St John Ambulance challenged

Letters

THE recent outburst by St John Ambulance (The National, Sept 10th, 2019) regarding delayed or reduced government funding is childish.
While society acknowledges St John Ambulance for the services it provides when attending to emergency medical service only within the nation’s capital, we health workers are mindful of the same services being provided by poor nurses in remote and isolated locations throughout PNG.
They go on with no government support, no road links, no logistical aid with radio communication, transport, no qualified doctor, no medical laboratory back up and no government funding.
But they attend to snake bites, compound fractures, obstructed deliveries, bleeding mothers and acute medical conditions with only mobile flashlights and bamboo bomboms.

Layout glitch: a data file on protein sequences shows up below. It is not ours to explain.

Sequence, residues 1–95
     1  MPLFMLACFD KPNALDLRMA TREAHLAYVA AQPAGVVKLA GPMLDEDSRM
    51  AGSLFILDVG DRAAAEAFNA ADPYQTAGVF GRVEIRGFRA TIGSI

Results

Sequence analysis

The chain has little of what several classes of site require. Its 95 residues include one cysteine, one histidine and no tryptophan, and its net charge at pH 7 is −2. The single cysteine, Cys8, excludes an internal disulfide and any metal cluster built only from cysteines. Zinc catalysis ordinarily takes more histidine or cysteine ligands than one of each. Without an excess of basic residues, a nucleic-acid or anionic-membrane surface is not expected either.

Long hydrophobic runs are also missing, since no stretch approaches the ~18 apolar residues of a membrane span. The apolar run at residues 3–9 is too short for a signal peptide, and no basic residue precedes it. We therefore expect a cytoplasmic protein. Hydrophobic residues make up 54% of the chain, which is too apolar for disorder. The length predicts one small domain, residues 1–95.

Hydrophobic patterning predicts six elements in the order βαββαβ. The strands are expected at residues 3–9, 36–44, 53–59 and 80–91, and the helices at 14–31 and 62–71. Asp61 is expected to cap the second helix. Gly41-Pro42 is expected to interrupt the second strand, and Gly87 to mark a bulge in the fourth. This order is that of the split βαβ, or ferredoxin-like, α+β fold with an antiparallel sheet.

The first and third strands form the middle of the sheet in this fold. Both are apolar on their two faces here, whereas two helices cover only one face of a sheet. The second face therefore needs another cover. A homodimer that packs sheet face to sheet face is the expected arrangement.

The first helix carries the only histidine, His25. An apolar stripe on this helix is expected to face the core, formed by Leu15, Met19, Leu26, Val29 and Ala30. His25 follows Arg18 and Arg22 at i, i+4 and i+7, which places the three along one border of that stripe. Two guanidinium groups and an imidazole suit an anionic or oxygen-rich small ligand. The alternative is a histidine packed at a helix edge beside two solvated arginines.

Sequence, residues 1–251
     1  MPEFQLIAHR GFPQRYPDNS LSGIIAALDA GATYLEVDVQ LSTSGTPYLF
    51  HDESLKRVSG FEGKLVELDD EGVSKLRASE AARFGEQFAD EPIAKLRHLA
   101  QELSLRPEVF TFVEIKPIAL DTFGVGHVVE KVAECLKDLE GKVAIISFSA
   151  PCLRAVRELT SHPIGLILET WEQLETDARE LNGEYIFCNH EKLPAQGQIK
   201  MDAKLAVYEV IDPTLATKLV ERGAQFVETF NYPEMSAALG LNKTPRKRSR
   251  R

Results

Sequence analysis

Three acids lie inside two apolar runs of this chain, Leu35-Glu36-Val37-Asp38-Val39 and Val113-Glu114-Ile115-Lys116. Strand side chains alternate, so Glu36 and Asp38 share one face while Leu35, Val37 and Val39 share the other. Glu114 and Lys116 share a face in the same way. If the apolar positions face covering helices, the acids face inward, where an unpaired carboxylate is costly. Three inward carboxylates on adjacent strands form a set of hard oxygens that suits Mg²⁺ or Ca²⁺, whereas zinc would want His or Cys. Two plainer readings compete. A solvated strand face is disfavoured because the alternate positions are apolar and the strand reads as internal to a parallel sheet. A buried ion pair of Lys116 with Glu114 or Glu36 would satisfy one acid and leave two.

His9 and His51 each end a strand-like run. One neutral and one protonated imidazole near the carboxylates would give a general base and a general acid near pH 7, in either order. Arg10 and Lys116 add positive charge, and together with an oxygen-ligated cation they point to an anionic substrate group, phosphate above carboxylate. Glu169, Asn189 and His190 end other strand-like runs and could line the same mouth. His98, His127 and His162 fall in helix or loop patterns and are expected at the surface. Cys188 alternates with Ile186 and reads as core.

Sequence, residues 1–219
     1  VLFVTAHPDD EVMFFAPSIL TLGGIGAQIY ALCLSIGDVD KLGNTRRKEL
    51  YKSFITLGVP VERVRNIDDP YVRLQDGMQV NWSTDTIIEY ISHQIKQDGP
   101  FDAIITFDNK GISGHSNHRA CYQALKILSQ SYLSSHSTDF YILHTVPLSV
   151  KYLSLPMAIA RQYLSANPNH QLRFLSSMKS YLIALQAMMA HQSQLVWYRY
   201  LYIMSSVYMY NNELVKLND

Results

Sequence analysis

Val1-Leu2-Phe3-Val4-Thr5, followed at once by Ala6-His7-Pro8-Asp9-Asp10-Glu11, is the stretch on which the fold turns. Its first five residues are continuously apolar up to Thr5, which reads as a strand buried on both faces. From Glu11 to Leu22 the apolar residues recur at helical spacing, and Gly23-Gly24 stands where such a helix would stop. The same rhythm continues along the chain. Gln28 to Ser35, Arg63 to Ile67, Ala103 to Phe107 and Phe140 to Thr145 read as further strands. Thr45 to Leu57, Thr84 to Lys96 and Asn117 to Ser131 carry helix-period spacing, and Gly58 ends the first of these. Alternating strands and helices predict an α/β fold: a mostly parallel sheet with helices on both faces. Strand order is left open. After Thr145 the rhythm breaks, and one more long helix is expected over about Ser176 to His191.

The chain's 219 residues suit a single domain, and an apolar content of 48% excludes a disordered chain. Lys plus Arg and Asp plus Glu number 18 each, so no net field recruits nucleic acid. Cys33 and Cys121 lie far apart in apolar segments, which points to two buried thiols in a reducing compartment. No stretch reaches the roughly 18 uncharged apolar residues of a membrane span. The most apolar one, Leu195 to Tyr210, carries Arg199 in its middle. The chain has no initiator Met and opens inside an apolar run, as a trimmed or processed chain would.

These are the people who can and should cry out for continued negligence by the government.
Not those who enjoy government funding and boast on television their posh vehicles with red lights affixed to the roof, air conditioned rooms, VHF radio, walkie-talkies, hand held radios, and when government funding is delayed they cry foul. I am sorry but St John Ambulance was here in PNG throughout 1970s and 1980s, they disappeared and returned only when they were supported with vehicles and equipment.
What about community health workers and nurses in both the government and church run sub – health centres in Kaintiba, Negabo, Maramuni, Segima, Olsobip, Tekin, Sideia and hundreds of neglected facilities with forgotten health care providers and their families dotting every head waters, every ridge, every valley and every atolls all over this land?
These are the true people who deserve the queens cross. Apart from teachers, every other government employee has returned to the cities where there is electricity with pubs and disco, where there is Wi-Fi and where there is ice cream.
I have done my time in remote and isolated locations across PNG in silence, so who is St John Ambulance to cry foul over my government delayed funds?
We health workers work in silence, we do not demand for lack of man power, housing, logistics and funding, we accept what comes our way in grace.

Gerard Saleu, Goroka

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